Why You Should Be Taking Healthy Work Breaks

work breaks, work from home, healthy at work, healthy habits, work life balance
4 min read

You can improve your physical and mental health and your performance by taking the right kind of work breaks.

Your work habits are your patterned behaviors you do during and outside of work. Creating and maintaining a healthy lifestyle means making choices to cultivate healthy habits and that can’t wait until you are off the clock. Good work habits will increase your productivity and make it faster and easier to get your workload done.

Some of the Many Benefits of Taking Healthy Work Breaks as Part of Your Routine

There are a vast amount of physical and psychological benefits to keeping intentional work breaks a habit: 
  • Increases productivity 
  • Improves mental health and well-being 
  • Increases job satisfaction 
  • Restores focus and attention, especially for long term goals 
  • Can prevent decision fatigue 
  • Increases creativity 
  • Promotes healthy habits 
  • Movement breaks are helpful for emotional and physical health 
  • Rest improves memory and learning 
Of course, the opposite is true of bad work habits. When you don’t use this time to incorporate ways to recharge and renew throughout your workday, you are self-sabotaging.
What happens when you don’t take work breaks?
  • Decision fatigue: Working through your breaks wears down your ability to make good choice in and outside of work hours. You are faced with countless small and large decisions in a day’s work. Something as simple as replying to an email can take twice the time when you reach this stage of decision fatigue.
  • Chronic fatigue and burnout: Over time you may start to experience ongoing fatigue and become at greater risk for burnout. Without moments to recharge the body and the mind, everything in life begins to feel more difficult.
  • Decreased ability to focus: You may be tempted to skip breaks to get more work done but many studies show that focusing on one task for too long leads to less productivity and effectiveness.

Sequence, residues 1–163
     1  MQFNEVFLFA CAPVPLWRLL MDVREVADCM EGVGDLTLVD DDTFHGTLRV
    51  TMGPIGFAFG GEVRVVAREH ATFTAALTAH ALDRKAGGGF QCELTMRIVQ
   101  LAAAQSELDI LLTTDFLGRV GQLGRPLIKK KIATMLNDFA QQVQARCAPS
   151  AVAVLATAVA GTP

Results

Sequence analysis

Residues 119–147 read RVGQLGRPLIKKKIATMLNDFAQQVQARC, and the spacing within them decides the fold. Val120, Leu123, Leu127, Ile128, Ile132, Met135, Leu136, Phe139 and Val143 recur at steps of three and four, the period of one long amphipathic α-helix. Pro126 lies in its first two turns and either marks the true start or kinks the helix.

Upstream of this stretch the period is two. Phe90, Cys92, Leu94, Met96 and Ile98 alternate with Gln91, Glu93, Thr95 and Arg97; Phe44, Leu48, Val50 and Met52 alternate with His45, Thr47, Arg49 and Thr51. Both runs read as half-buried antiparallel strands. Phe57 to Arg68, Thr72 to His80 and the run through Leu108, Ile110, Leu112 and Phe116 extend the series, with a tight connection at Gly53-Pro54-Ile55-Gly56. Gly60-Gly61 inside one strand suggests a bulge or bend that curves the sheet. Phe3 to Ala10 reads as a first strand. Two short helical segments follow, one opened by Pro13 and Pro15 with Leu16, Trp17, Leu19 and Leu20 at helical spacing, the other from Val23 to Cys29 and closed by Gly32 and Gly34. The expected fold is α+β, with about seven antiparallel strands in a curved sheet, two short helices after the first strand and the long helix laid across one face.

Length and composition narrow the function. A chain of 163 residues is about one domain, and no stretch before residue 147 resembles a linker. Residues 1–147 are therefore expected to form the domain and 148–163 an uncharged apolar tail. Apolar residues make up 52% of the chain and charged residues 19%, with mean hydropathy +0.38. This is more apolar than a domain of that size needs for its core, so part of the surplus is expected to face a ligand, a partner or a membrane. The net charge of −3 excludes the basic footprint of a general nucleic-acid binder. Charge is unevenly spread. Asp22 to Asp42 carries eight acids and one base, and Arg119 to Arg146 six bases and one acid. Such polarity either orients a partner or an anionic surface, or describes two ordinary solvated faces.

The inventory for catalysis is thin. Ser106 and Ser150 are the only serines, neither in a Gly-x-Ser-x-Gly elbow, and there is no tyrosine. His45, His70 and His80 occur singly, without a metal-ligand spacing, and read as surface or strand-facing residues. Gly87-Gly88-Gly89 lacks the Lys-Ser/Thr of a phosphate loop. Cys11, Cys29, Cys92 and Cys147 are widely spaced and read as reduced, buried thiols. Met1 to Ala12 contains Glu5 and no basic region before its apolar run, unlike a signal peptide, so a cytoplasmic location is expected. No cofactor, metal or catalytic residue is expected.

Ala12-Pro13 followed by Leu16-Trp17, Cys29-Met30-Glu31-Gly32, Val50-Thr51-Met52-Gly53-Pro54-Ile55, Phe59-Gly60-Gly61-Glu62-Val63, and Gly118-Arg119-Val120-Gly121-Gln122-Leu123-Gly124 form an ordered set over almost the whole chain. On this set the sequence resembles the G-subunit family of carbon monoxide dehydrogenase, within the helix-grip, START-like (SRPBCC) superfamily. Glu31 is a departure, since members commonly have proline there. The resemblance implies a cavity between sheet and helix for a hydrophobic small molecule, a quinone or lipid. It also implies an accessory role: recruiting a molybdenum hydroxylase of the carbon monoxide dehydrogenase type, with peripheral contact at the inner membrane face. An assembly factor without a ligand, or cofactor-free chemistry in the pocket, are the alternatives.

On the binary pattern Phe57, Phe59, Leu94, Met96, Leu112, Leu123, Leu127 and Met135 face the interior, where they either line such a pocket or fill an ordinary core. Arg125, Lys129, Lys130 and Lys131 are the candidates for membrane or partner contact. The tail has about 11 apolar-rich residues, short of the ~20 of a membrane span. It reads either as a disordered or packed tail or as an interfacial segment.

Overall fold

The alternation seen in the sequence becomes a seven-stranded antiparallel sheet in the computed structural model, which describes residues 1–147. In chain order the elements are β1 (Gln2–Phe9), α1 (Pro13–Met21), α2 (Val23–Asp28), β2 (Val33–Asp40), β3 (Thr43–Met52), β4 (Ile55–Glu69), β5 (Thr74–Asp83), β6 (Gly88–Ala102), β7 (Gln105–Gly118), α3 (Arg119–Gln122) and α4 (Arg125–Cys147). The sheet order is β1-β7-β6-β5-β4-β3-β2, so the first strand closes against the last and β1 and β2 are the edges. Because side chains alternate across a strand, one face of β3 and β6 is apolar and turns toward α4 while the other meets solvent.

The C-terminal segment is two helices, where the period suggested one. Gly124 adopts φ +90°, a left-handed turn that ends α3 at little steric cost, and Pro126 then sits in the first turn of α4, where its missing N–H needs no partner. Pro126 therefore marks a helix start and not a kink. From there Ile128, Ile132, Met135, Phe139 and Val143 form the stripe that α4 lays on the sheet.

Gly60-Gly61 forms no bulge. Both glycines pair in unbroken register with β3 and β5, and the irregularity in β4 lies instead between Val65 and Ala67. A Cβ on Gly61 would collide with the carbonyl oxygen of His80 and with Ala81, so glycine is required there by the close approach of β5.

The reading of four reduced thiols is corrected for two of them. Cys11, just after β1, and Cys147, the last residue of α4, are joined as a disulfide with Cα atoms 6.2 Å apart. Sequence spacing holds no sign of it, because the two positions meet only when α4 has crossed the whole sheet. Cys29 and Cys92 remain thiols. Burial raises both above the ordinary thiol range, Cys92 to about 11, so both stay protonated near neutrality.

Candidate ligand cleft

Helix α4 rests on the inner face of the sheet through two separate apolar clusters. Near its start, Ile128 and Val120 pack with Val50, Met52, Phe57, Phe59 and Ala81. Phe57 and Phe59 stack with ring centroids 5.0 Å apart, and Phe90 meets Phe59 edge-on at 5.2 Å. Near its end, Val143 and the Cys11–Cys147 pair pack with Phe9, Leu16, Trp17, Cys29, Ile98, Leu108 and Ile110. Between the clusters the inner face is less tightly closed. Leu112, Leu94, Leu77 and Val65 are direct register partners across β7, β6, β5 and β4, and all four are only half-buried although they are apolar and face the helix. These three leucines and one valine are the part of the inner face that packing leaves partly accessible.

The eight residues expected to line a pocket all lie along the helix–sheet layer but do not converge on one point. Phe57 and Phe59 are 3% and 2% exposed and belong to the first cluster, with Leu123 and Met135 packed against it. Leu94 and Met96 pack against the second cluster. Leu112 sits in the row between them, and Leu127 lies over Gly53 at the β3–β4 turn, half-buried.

• Decreased motivation after work: Sitting down, something many of us do 8 hours or more a day, might be the worst thing we are doing for our health! After a long and tiring day of work, you might find little to no time or energy to go to the gym to exercise or go for a run. And in such a tired state, you might find little motivation to eat healthily and instead gorge on anything you can get your hands on.

Not all breaks are created equal...

You want to be sure to take breaks that help you psychologically and physically recharge. Things like social media, online shopping, complaining / gossiping or increased caffeine and unhealthy snacking on your breaks can lead to even greater fatigue and frustration. If these are the only breaks you typically take, it’s time to change your work break habits. Taking healthy breaks is an integral part of having healthy habits which can enhance your quality and enjoyment of your work.
Tips to getting the most out of your breaks:
  • Do something completely different from your work. Don’t use this time to discuss or think about your work. Disconnecting even for a few minutes at time can enhance creativity and productivity when you return to your work.
  • Get in short bouts of activity or stretching is one of the best ways to recharge physically and mentally. Take a walk, do a few sun salutation, or put on a favorite song and dance for a few minutes.
  • Get mindful by taking a few minutes to turn off the brain, meditate, or practice deep breathing.
  • Step outside in nature to recalibrate after long periods of screentime. Try to disconnect and add some activity or stretching for even greater benefit.
  • Be social by calling a friend or walking with a coworker who always seems to lift your spirits.
  • Daydream or journal to allow your mind to wander and even spark new ideas.
  • Do or read something that make you laugh to increase your endorphins (those happy messengers in your brain.)
  • Do an activity that uses a different part of the brain than was being used for work, which allows the part of the brain being used for work to rest. If your job doesn’t allow you tap into your creative side, take a short break to draw, paint or dance.
  • Try a different setting than your work. If you are working at computer all day, get out and walk. If you are working in a noisy environment, find some quiet solo time.

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